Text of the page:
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Ridin' & Glidin'
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Not really sure where this should be posted since {salute( it covers so many interests.

March 22, 2006


Dear American Legion Riders:

Subject: The Importance of The American Legacy Run, August 18-22, 2006

On the morning of September 11, 2001, then-National Commander Richard J. Santos and I were on Capitol Hill, preparing to offer testimony on veterans’ issues to a joint session of the House and Senate Veterans Affairs committees.

Suddenly, in a scene of great chaos and confusion, security guards and Capitol police hurriedly evacuated our American Legion delegations from the Capitol Building and various congressional office buildings, along with members of Congress and hundreds of congressional staffers. Within minutes, we learned that at least two hijacked commercial airliners had been flown directly into the twin towers of the World Trade Center in New York City, and that one plane had been driven into the Pentagon. I could see the smoke from my position. America was under attack.

Commander Santos made several important and far-reaching decisions that morning. He resolved that The American Legion would immediately extend its long tradition of support to the families of the men and women who died that day in the Pentagon. However, he instinctively knew that this new worldwide struggle against tyranny would not end that day, but would continue, perhaps for years, to cruelly burden the families of the men and women who serve America so selflessly. Within weeks, the American Legacy Scholarship was born, with a vow from The American Legion that the children of service members who died on active duty that fateful September morning and afterwards would have the opportunity for a college education.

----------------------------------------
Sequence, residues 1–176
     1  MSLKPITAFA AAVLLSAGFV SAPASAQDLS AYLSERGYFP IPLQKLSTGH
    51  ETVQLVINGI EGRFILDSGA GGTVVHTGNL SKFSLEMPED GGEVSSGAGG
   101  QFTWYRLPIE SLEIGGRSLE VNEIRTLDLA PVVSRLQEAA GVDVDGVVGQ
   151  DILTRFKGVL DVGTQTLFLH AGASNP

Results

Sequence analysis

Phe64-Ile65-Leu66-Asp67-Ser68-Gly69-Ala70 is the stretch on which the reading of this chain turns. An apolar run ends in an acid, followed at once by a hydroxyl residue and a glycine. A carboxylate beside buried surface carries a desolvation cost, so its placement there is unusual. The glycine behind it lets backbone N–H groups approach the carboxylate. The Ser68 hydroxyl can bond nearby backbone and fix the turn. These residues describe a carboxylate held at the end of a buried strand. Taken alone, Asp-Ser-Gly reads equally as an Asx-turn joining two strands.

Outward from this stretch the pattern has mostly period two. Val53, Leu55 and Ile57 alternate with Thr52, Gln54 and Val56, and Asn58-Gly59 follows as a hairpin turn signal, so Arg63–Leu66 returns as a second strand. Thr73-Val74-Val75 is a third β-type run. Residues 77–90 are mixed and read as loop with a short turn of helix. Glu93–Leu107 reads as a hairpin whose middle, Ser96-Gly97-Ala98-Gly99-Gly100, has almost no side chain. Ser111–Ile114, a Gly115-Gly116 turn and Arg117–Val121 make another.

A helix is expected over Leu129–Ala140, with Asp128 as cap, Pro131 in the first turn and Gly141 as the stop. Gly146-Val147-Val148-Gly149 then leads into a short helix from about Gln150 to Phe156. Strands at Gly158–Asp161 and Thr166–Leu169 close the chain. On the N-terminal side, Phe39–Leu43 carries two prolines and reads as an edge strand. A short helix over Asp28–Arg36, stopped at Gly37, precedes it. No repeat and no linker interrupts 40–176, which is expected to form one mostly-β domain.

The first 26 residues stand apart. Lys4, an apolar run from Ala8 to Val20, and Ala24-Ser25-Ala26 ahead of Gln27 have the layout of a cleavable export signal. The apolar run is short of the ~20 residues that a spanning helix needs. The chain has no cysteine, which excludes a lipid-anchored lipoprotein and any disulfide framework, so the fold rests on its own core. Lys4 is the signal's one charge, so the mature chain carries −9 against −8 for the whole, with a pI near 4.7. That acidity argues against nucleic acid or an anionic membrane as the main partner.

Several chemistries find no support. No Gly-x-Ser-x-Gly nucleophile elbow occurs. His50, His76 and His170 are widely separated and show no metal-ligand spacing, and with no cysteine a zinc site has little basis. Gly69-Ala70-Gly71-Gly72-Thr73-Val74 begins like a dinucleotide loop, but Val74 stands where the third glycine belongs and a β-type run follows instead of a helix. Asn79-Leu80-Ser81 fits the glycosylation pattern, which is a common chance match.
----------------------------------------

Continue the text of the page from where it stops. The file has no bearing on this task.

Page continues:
Today, nearly five years later, we know that as an unfortunate consequence of Operation Iraqi Freedom and America’s war on terror, many children of our active-duty military personnel are now members of single-parent families. In many cases, this also means their chances to attend college have greatly diminished. Children of military personnel killed on active duty are entitled to receive money toward a college education, but it’s not enough.

The survivor benefit for these children is currently $36,135 to be used for a college education. In today’s dollars, this benefit will pay little more than half of what a college education costs in the most affordable schools. What’s worse, the most conservative estimate is that costs will increase by 5 percent per year, meaning that in 16 years, the most affordable college education will be $105,800. Military survivor benefits will simply not cover these dramatic increases.

I ask for your involvement and the support to raise money, with me, for the American Legacy Scholarship Fund. I want to make The American Legion’s vision of the possibility of a college education for these children a reality.

To that end, I will lead a delegation of motorcyclists spearheaded by a core group of American Legion Riders as I travel across the country to Salt Lake City, Utah, the site of the 88th National Convention of The American Legion. I will leave from the National Headquarters on August 18, 2006, and I will travel with the Riders for five days across the Great Plains and the Rocky Mountains, until our final arrival together in Salt Lake City at noon on August 22, 2006. All motorcyclists, not just veterans and Riders, are invited to ride with us on this important mission.

I encourage the American Legion Riders organizations within each state across America to raise money for The American Legion Legacy Scholarship Fund through the spring and summer of 2006, and donate the funds in memory of your fallen comrades of every conflict. I will collect these funds by mail and in person until my very last hours as your Commander. Complete details, information on special Legacy Fundraising Kits, and registration information are on the new website www.americanlegacyrun.org, which will begin to run on March 30, 2006.

Please share this open letter with every veteran and all who share our love and respect for those who have, or are still, defending our own families and freedoms. Many of you, like me, have attended the funerals of our fallen heroes in the spirit of respect and to protect their families and friends from those who would use their pain to further their own agendas. I admire you for that, and I encourage you all now to ride again for the children of those who have given their lives in the defense of freedom. Their very future may depend on us.

God bless you, and thank you all for what you do for America and the Legion Family.


National Commander
The American Legion
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